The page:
Industry Minister, Senator Kim Carr, has only been in the seat couple of months, but already it’s clear Australia’s manufacturing industry will no longer be left to “market forces”.
WHICHEVER side of the political fence you sit, one thing’s for sure; you cannot ignore Senator Kim Carr’s passion for his new portfolio.
As the new industry minister, Carr brings an understanding and enthusiasm to the role that has been somewhat lacking in recent years.
Whether it’s all pollie talk, time will be the judge, but chatting to Carr last month I remain optimistic he has the industry at heart.
When we spoke he was preparing to announce a co-ordinated number of reviews into national innovation policies, the vehicle sector and the TCF industries, as well as a review of the CRC (Co-operative Research Centres).
To be based on Carr’s 10-point innovation framework, announced last April, the national innovation system is designed to replace the nearly 170 industry programs running at present, with a special emphasis on R&D.
In fact he is planning to double Australia’s present effort in terms of R&D across the public and private sectors. Carr is urging all manufacturers to get involved in the process, to make a contribution and to engage with government.
While no details were available as MM went to press, Carr did say the reviews will be conducted by a “high level panel” from universities, public research agencies and manufacturers, plus I imagine unions. Via public submissions, they will gather evidence as to the strength and weaknesses of the National Innovation System and an issues paper will be developed to encourage broad public debate.
Carr did say that this will be a well-resourced review and he will aim to produce a green paper by the middle of the year with a government white paper response by the end of the year, “feeding into the four budget processes”.
However, while Carr is seen by most as a practical man, with practical solutions, not everyone appears happy with him in Canberra.
It is clear, a hostile group of economic rationalists have the Senator in their sights. These Neanderthals fail to acknowledge that manufacturing makes massive contribution to our national economic prosperity and to our society at large.
They fail to acknowledge that one in 10 workers (one million, with 87% full time) is employed in manufacturing, and they contribute to nearly a quarter of our exports.
They argue that public sector involvement should be something for other governments to do. There seems to be a blinding ignorance of the role that other governments play in manufacturing in their countries.
They seems to ignore the fact that, particularly with the automotive industry, governments play a very significant role right around the world and the reason they do that is because the automotive sector is strategically so vital.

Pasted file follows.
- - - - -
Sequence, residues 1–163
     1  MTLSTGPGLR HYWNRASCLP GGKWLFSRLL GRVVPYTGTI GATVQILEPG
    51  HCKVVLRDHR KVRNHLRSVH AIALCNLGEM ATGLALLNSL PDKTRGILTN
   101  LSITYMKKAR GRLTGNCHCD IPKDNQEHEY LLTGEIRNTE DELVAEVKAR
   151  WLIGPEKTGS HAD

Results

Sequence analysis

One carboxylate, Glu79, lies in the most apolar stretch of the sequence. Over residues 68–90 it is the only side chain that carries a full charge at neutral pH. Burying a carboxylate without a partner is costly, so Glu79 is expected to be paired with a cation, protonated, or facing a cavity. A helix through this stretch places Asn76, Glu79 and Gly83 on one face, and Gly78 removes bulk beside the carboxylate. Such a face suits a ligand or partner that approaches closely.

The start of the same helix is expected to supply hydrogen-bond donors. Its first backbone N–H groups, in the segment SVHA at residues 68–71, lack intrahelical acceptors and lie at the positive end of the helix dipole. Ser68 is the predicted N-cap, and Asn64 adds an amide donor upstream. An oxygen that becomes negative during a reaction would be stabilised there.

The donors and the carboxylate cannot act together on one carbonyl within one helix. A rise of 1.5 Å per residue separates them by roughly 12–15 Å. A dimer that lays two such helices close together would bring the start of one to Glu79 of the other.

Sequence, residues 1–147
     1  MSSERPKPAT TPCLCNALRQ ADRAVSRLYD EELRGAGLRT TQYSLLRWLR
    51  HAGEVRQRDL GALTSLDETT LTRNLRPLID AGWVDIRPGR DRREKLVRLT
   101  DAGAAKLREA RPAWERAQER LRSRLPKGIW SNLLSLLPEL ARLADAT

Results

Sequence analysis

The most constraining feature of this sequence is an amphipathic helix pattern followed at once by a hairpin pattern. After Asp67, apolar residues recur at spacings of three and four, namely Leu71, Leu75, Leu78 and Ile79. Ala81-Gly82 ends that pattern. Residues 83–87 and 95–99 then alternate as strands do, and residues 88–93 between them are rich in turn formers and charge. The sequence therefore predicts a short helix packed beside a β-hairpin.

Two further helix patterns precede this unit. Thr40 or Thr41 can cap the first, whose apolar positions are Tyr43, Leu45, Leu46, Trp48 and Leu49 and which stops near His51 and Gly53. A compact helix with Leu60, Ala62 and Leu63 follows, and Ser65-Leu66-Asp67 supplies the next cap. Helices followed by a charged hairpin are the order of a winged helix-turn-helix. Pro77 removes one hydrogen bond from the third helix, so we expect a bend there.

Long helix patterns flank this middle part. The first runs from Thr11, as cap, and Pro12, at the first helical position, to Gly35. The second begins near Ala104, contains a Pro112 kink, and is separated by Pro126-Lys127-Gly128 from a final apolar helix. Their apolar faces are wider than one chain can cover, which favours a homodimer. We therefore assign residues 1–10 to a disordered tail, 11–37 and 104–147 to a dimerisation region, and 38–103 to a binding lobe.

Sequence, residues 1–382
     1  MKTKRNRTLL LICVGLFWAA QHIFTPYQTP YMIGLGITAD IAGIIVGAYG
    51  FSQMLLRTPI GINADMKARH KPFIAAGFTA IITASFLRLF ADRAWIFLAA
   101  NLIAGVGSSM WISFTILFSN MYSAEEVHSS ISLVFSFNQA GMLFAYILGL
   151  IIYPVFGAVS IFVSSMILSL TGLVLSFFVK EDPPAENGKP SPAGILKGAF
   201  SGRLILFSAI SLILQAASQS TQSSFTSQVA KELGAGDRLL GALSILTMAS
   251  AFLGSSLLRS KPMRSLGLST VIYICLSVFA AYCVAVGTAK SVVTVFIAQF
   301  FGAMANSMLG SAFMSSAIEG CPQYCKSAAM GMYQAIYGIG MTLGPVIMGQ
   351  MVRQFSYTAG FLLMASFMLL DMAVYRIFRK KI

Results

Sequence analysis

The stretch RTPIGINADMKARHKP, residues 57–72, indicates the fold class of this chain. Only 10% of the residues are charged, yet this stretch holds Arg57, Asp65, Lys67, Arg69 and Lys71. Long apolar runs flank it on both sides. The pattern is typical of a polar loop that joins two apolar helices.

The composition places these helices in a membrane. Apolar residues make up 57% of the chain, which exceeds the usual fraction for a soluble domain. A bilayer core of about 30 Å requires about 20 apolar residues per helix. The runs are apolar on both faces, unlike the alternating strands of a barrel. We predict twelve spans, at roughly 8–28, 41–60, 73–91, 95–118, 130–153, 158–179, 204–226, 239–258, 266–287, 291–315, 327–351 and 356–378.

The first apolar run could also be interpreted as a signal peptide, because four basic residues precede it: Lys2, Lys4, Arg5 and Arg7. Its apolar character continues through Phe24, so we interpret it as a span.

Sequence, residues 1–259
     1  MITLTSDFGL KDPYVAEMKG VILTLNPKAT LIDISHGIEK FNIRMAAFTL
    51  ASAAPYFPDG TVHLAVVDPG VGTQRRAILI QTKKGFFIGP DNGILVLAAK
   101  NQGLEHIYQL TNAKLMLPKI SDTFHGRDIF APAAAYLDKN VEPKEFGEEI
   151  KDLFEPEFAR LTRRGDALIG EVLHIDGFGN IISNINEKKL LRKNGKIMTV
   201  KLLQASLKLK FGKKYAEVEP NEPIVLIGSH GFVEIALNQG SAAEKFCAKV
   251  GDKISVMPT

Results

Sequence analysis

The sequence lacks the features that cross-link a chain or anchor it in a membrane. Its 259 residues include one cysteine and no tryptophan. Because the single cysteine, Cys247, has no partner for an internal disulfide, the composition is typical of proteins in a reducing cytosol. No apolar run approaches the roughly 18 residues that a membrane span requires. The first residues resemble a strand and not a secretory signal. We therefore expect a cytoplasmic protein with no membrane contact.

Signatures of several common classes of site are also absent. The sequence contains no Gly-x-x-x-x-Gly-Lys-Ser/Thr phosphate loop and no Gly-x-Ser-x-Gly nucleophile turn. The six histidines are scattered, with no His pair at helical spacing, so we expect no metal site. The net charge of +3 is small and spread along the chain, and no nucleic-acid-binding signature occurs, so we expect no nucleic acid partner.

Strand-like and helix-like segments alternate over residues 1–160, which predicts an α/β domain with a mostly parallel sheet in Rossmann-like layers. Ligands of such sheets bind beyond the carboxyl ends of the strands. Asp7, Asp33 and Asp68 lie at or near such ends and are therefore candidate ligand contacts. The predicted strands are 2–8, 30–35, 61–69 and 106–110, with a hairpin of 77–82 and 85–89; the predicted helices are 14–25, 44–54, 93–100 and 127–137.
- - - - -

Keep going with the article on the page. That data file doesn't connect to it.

However, Carr emphasised that the upcoming review of the automotive industry is more than a discussion on whether tariffs should be 10 or 5%.
“That’s just to trivialise the issue.” Tariffs are just one of a number of issues the panel will examine, including the very successful, but somewhat dated, ACIS (Automotive Competitiveness and Investment Scheme).
Describing the issues as “complex”, Carr said these enquiries will go beyond the tariff issues, and will examine a whole range of challenges facing manufacturing including training, export development, market access, the value of our dollar, access to resources, greenhouse and sustainability issues, and logistics.
When it comes to a “Buy Australian” policy and government procurement, Carr says it’s all still on the agenda.
He believes we should be able to have the policy within the terms of our international obligations, “and act as other countries do”, pointing out that the laws don’t preclude American manufactures getting assistance from their government.
Carr say Australia needs to get smart in our international trade dealings and has flagged the broader question of market access.
He is hopeful that within a few years up to 50% of locally made cars will be exported.
He says Australia’s manufacturing sector has a vibrant future if we play and act smart. Carr admits manufacturers are facing enormous international pressures, “but as a society we cannot afford to see the manufacturing industry on its knees”.
He understands we do have the talent in this country, the intellect and the skills-base to be a highly innovative culture and is optimistic he can deliver on his commitments made before the election.
I guess only time will tell.
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